NSFP: Crafty work

The second of my previously mentioned Big Projects (“big” in this case perhaps not being the most appropriate term) has now been completed, dispatched and happily received by its new temporary recipient, L, in preparation for the arrival of her baby in September. This is what I have been working on; some photos of it and a bit of blurb behind its construction.

L, being ahippy too, asked for organic baby clothes. I couldn’t find any here, nor could I find any organic fabric from which to construct something from, so I thought about what else I could make and settled on the idea of modifying second-hand baby clothes. That way they are still environmentally sound, but also personal. There is a shop in Nagoya that sells second-hand baby clothes, and from there I picked up this cute Baby Gap cardigan:

Original cardigan

At this point I didn’t have any plan of what to do, apart from “something natural involving leaves and plants”. Also, at this point I didn’t know the sex of the baby – I found out halfway through, and ended up modifying the design as I worked on it. This, I should just mention, is why this post is marked as NSFP – Not Safe For Parents – it will give you a very big hint as to the sex (“hint” as in “you’d be stupid not to work it out”). I have emailed to tell them not to read any posts with this in the title, but just in case – Mum, Dad, you can go away now ;)

I started off making leaves from some pretty green fabric by drawing a leaf shape onto the fabric, cutting them out leaving a margin, and folding and sewing the edges down. This was quite tedious and time-consuming, as I had to make quite a few. I also embroidered a “stem” of sorts around the cardigan, using a “loop” stitch. It may surprise you to know that I won the sewing prize at school, and it certainly surprised me to know that I remembered what I had been taught all those years ago! Beyond fixing things, mending buttons and adding elastic to old pyjama bottoms, I have done absolutely no sewing since the age of about 15, when I won said prize, so by this point I was already quite pleased that things lookedok!

Making the leaves

The next major task was sewing the leaves onto my stem, which I did using what may or may not be a very loose “satin” stitch (Google hasn’t really provided a definitive answer to what this is, so if you know better please do say so in the comments!). This took ages! I worked on the train, at school and in the evenings. It was a source of surprise at school – everyone knows that I do lots of karate so to see me working on something so feminine definitely caused amusement, but also approval – I could hear some of the teachers speaking in Japanese about the “girls activity” that I was doing! Here is a close-up of the leaves. I used thread of alternating colours – cream and green – for a bit more interest (don’t forget you can click all these photos to get bigger versions):

Detail of leaves

It was during this phase that I found out that what we all thought would be a “he” was in fact a “she”, and after seeing some pink fabric I thought would look good with the cream-coloured cardigan and the green leaves, I added a Japanese style flower to the front. The final design ended up looking like this:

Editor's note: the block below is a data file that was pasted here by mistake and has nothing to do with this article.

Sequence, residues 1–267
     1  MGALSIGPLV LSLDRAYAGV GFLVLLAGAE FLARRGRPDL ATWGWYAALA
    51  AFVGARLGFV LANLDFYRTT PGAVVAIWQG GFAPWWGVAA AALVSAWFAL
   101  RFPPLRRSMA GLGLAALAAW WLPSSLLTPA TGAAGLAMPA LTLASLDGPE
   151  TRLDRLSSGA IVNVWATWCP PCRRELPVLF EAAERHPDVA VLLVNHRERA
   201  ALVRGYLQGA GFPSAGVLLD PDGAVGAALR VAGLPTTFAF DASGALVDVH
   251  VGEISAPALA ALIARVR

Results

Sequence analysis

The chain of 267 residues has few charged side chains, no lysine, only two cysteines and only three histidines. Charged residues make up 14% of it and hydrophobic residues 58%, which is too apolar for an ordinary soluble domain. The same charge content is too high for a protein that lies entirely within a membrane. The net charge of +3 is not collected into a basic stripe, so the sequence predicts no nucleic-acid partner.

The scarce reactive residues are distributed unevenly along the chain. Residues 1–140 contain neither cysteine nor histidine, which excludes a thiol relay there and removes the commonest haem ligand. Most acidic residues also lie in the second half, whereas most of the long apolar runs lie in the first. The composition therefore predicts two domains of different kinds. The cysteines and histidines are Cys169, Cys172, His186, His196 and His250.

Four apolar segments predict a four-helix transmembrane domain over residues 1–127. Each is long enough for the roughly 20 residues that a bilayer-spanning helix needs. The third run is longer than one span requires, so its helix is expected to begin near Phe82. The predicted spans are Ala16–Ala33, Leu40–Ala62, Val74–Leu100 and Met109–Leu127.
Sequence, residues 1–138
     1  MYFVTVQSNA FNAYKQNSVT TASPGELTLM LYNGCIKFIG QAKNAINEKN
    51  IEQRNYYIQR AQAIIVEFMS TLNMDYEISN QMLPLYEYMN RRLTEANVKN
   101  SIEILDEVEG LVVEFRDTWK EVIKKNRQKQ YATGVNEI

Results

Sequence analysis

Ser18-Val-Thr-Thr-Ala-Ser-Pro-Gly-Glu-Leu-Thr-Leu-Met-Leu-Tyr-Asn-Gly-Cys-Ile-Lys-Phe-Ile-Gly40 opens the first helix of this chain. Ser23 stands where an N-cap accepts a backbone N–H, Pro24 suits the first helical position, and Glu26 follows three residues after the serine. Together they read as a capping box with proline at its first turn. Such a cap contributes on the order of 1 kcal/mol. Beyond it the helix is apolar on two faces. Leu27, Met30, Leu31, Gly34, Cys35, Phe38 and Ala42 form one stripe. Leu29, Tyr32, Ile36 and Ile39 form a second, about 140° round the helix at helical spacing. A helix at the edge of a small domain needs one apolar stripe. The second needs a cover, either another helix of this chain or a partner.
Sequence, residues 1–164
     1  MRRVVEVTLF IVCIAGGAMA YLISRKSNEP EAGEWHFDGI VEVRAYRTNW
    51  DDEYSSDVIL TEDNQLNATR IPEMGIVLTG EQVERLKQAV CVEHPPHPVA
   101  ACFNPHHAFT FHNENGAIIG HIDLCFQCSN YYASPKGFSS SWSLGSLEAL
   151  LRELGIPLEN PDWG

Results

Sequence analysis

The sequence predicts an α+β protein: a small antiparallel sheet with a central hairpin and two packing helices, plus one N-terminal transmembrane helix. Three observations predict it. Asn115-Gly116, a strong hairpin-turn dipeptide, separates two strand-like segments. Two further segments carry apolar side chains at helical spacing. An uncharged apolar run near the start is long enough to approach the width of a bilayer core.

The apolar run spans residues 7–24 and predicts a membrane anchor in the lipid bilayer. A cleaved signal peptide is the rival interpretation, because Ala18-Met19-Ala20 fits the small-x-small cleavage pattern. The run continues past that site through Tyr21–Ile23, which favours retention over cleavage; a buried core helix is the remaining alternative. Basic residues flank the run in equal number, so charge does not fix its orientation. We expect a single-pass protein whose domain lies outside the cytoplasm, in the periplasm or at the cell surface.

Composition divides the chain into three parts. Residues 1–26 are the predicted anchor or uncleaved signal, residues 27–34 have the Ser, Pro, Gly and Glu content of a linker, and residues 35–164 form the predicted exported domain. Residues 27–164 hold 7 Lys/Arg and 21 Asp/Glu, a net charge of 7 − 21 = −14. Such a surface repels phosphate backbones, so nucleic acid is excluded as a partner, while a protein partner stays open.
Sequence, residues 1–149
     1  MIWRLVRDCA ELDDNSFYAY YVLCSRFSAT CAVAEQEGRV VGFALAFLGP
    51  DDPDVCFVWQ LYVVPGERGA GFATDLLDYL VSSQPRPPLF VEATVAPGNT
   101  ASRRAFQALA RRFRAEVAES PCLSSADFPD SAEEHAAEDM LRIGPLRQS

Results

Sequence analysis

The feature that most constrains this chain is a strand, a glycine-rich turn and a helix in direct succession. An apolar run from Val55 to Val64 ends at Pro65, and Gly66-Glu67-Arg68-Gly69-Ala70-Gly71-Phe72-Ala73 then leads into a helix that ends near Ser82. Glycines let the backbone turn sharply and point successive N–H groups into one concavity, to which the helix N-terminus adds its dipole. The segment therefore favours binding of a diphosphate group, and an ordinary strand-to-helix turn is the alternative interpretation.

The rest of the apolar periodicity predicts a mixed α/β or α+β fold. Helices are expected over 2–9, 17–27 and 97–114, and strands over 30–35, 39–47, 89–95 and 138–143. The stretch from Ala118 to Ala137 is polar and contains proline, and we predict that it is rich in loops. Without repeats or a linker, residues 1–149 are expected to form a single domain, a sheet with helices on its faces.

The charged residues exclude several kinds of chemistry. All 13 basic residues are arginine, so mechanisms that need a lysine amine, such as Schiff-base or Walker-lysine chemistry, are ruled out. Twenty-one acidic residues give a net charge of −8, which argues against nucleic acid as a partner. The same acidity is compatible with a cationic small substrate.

Detail of the flower
The one problem I have when I do anything creative can be summed up by the word “dissatisfaction”. When I start I usually have a clear image in my mind of what I want to achieve, and when the end result doesn’t match up to it I get annoyed, frustrated and generally demotivated. Even my garden design I wasn’t particularly happy with – I still don’t think the final design was very cohesive and polished – just a few good-ish ideas thrown together and made to look pretty. However… this was the first time for as long as I can remember that I finished something and thought to myself “wow, that looks really awesome”! Excitedly I packed it up and sent it over to the UK, and L called me the night she received it to say how much she likes it, and how it’s lying on the sofa and “whenever I walk past it it makes me smile”. Frankly, what better reaction could there be?!
As a result of this success, I have been making other things, which are also turning out ok. I am even considering selling them at some point, but they take me so long this may not be for a long time yet! Will hopefully have some pictures to post in a few weeks.

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5 Responses

  1. Felicia says:

    Beautiful! You are quite crafty…

  2. Mark says:

    Good effort!

  3. Amanda says:

    Oh my, that’s really beautiful! I feel so inspired just from looking at the pattern and colours. :D

  4. Farrah says:

    I think it’s buttonhole stitch.

    I am disappointed that you confirmed to gender stereotypes by modifying the cardigan when you found out the baby’s sex… there is no reason why you couldn’t have put a flower on a boy’s cardigan.

    Fab piece of work, though X

  5. gai.ninja says:

    Yeah I know… but I just can’t bring myself to picture a boy wearing stuff with flowers on. There is a teacher here who regularly wears pink polo shirts, and I am barely over that! I promise to work on my gender stereotyping issues on future garments ;)